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Massage Message, Issue 13b: Christmas greetings, celtic blessing, lymphatic lift, massage for sleep
December 21, 2010
Christmas is approaching fast. I find that each year there is a fine balance between being very busy and "getting everything done"– and my need for calm and looking after myself. For the latter I am planning to try the fish pedicure as a treat, plus I have a massage booked for this evening.
Should you still need a last minute Christmas present, I can highly recommend (surprise, surprise) massage gift vouchers. They can be emailed, so even a last minute pressie is possible this way.
Also a quick reminder that there is still a chance to win a massage novel and a £10 Touching Well voucher by submitting a massage story via the Touching Well Website . You can still put in your feedback after Christmas but this competition closes on Christmas day.
I wish you a joyful festive season – and much love, care and happiness in the coming year.
The following juice recipe was devised by Perry , who successfully treated her lymphoedema by drinking this juice daily. She researched the nutritional properties of fruit and vegetables in juicing. Perry could not walk due to the buildup of fluid in her foot and leg. After drinking this juice every day, she is now able to fit into her shoes and walk again.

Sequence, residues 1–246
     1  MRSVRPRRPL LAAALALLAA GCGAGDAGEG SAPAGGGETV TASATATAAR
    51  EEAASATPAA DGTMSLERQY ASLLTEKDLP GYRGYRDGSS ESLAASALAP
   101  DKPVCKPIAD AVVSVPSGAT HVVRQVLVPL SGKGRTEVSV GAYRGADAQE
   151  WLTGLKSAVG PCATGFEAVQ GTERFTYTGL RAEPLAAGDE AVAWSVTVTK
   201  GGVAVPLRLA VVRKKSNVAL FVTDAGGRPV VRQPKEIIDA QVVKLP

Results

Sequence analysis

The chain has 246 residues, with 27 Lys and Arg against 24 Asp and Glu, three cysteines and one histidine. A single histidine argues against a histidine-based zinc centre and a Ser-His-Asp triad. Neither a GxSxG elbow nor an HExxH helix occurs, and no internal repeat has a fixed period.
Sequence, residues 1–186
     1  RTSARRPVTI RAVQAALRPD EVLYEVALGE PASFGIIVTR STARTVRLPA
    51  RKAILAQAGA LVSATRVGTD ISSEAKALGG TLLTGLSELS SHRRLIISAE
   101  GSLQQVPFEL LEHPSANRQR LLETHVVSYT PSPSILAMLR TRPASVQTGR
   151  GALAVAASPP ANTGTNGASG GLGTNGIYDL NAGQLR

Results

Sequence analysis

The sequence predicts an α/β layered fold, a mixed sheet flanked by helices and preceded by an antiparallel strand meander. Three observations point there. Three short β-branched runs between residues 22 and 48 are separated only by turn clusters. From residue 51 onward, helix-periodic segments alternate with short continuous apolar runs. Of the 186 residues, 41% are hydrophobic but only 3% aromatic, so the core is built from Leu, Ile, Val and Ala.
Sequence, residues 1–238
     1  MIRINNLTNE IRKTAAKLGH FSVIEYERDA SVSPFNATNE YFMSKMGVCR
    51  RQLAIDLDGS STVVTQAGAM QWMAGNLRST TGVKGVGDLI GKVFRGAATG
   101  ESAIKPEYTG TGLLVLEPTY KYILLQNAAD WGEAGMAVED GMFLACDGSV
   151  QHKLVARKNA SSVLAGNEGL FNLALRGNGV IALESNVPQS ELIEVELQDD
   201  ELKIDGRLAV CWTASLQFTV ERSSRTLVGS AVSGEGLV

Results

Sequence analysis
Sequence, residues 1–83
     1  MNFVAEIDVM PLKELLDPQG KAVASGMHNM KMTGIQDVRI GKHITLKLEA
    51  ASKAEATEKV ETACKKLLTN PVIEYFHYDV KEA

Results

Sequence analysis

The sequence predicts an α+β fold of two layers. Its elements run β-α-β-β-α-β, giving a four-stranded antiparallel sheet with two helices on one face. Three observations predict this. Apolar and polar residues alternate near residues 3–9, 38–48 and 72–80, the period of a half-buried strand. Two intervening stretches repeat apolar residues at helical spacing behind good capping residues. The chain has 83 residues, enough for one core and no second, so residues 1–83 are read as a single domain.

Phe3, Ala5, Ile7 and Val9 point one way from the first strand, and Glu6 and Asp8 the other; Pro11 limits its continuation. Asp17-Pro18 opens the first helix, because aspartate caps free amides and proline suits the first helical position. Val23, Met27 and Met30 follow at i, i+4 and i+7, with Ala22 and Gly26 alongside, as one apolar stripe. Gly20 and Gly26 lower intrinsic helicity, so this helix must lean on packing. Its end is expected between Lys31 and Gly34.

½ medium fresh beetroot
Massage sends you to sleep, even in hospital
Several studies have examined whether “nursing interventions” help patients in institutions and hospitals sleeping. No clear conclusions could be drawn, and this why the authors in Sweden looked at all such studies together. They found that neither “nursing interventions” (whatever they are) nor did relaxation had much effect on sleep. However, massage, acupuncture, music, natural sounds or music videos were very effective in aiding sleep. So get out your MP3 player or go for a walk if you can, or – guess what – have a massage to help you sleep at night. I have several clients who reported much better sleep at night since they started having regular massage. (Worldviews Evid Based Nurs. 2010 Oct 12)
Massage for people with dementia
Tactile massage is a soft massage that improves physical relaxation and psychological well-being. This study looked at how this gentle massage affects elderly people with severe dementia. They found that tactile massage reduces aggressiveness and stress in people with dementia after 30 20 minute massages spread over six weeks. (Am J Alzheimers Dis Other Demen. 2010 Dec;25(8):680-6)
Issue 13b of the Massage Message, 31 December 2010.
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